Arriving the Friday before Sunday's race, Ursula was able to row the course a total of three times. But with a 19th position, staggered start, and the winner unknown until all the times are tabulated, the best advice Carlos could give Ursula was to go "all out" in hopes of bringing in the best time.
This was to establish a pattern between Carlos and Ursula that has carried them to this day: Carlos telling Ursula what's possible and Ursula accepting it - then going out and doing it.
On race day in Boston, conditions weren't the greatest. It was Nor’easter winds mixing with rain, but Ursula did what Carlos told her and went "all out." She finished in a time of 19 minutes, 34 seconds - three seconds ahead of the second place finisher (who happened to be the prior year's Head of the Charles winner).
ALONG COMES ABBY
Abby Broughton, younger than Ursula was born and raised in Tetonia, Idaho. She was a natural born athlete who trained herself to become an expert skier and competed in winter biathlon. Abby enjoys backpacking, cooking and along with her partnerUrsula, has a keen scent for nutrition. “We need to carefully watch our weight and stay under the 125 pounds each that is required to scull in the Lightweight competition.” she said
When asked who her hero was, she proudly said, “my dad Porter who is in training with me. Dad’s big goal is to walk again after being paralyzed in a car accident four years ago. I have no doubt he will” said Abby with confidence in her voice. Abby has two sisters and a brother.
“This event is challenging, extremely difficult and little known in America,” said Porter Broughton, father of Abby.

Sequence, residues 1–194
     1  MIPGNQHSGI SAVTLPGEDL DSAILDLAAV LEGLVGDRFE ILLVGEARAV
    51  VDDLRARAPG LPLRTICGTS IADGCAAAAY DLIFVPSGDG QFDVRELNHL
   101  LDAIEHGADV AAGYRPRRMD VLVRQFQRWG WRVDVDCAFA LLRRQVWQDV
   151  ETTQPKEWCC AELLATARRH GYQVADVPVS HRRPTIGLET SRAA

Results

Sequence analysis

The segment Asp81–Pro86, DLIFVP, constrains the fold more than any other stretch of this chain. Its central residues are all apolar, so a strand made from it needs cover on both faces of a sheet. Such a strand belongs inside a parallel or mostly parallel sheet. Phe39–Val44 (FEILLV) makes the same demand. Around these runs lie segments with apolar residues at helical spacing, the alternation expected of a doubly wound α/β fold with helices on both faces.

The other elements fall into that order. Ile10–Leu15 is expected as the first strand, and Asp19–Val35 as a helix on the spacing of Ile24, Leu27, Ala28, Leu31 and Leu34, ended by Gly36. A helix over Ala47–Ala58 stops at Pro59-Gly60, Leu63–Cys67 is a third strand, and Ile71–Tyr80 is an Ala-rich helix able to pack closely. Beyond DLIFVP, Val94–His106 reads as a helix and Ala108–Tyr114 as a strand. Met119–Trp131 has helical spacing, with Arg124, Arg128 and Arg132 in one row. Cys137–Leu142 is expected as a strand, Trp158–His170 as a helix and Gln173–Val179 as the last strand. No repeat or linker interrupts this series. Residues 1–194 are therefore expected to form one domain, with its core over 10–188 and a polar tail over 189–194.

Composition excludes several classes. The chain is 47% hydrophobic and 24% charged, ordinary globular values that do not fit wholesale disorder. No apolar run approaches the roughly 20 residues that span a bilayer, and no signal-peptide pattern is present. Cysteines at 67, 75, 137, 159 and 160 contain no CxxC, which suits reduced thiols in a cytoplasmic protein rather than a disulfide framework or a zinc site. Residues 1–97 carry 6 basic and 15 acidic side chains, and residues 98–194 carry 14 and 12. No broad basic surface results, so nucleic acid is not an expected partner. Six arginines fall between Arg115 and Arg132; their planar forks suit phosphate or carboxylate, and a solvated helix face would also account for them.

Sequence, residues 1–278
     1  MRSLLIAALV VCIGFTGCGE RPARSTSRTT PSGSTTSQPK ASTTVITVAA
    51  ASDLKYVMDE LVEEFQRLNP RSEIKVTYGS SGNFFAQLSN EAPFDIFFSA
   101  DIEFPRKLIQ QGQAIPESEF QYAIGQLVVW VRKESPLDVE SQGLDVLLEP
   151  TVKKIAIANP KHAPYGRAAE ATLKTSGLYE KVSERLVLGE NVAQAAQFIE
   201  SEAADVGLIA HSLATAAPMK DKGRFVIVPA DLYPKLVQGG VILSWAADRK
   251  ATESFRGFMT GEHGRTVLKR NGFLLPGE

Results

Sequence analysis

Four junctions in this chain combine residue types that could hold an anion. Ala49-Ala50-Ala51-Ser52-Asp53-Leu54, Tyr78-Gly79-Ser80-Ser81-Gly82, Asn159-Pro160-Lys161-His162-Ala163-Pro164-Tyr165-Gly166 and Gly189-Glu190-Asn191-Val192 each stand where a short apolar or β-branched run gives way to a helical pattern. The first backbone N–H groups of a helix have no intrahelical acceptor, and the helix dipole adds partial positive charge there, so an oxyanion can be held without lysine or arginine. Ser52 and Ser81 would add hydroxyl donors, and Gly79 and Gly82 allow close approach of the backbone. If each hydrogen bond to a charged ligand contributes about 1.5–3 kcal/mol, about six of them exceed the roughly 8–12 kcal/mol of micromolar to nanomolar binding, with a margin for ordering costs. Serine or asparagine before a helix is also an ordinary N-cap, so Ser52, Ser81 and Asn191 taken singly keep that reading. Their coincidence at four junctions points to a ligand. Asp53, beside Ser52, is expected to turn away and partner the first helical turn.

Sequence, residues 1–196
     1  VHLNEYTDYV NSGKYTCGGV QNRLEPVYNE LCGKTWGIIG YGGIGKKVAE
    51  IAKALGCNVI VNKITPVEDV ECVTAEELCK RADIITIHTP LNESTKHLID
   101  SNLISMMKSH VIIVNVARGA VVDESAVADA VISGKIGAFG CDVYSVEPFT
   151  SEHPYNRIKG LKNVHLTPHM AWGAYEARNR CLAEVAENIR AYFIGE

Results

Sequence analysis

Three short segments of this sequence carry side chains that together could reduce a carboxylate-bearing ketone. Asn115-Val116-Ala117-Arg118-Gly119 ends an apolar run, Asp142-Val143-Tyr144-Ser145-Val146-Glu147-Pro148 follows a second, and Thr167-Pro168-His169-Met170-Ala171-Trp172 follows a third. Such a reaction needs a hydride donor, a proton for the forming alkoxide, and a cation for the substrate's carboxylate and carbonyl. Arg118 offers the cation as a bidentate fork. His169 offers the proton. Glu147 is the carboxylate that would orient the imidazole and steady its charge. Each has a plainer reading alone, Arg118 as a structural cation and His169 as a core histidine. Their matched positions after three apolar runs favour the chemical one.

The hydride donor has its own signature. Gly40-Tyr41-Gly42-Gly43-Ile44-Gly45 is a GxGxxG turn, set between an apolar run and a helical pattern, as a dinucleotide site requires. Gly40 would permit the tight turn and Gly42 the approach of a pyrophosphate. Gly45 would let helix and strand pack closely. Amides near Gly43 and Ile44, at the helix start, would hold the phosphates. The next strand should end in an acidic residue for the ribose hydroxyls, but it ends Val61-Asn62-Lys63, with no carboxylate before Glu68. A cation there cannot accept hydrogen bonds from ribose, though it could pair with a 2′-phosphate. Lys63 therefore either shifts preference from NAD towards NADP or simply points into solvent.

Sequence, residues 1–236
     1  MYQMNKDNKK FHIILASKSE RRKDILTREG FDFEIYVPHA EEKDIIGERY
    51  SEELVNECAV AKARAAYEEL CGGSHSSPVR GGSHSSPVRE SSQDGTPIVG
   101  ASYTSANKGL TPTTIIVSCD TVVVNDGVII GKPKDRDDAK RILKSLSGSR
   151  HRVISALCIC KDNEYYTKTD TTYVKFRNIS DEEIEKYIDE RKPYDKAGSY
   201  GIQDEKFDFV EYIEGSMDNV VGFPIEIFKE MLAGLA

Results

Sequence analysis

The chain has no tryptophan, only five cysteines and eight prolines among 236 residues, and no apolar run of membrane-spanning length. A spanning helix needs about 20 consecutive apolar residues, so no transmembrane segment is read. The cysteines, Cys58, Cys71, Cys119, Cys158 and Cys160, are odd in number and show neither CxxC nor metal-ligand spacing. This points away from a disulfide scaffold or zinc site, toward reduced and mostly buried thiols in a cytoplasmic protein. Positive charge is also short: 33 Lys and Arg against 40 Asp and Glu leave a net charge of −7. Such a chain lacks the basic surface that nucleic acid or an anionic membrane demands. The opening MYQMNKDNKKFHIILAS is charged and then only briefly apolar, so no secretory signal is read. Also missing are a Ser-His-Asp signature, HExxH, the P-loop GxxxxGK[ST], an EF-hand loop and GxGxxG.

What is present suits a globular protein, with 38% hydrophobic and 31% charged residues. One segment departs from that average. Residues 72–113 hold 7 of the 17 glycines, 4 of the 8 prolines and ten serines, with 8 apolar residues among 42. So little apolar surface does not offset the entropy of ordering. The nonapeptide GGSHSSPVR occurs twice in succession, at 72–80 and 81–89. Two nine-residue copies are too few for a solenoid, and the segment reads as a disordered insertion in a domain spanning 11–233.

When asked what is the attraction to women like his daughter, he said, “Rowing is one of few remaining amateur sports, yet is one of the most demanding and grueling sports out there. Rowers row because they have a deep love for the sport and the desire to push their limits both physically and mentally.”
Ann-Toy, mother of Abby said, “We are very proud, excited, looking for fun for our girls and victory” as they prepare to fly to New Zealand to watch the two young women compete.
“I immediately fell in love with rowing during my second year at Lewis and Clark College in Portland, Oregon. After I graduated, I decided to make rowing a priority and moved to Seattle.”
When asked what her mission was, she said, “It's not about "beating" people, but about letting the success come as a result of striving to be the best we can be, individually, and also in our case, the two of us. By going for the Olympics, we are embracing a huge challenge, knowing perfectly well that it's supposed to be one of the hardest things one could take on, and in doing so, are enriching our lives in so many ways.”
In Seattle, Abby trained with the Pocock Elite Sculling Team coached by Emil Rossey. One year later, she represented the USA at the 2006 World Rowing Championships in Eton, England in the Lightweight Quadruple Sculls.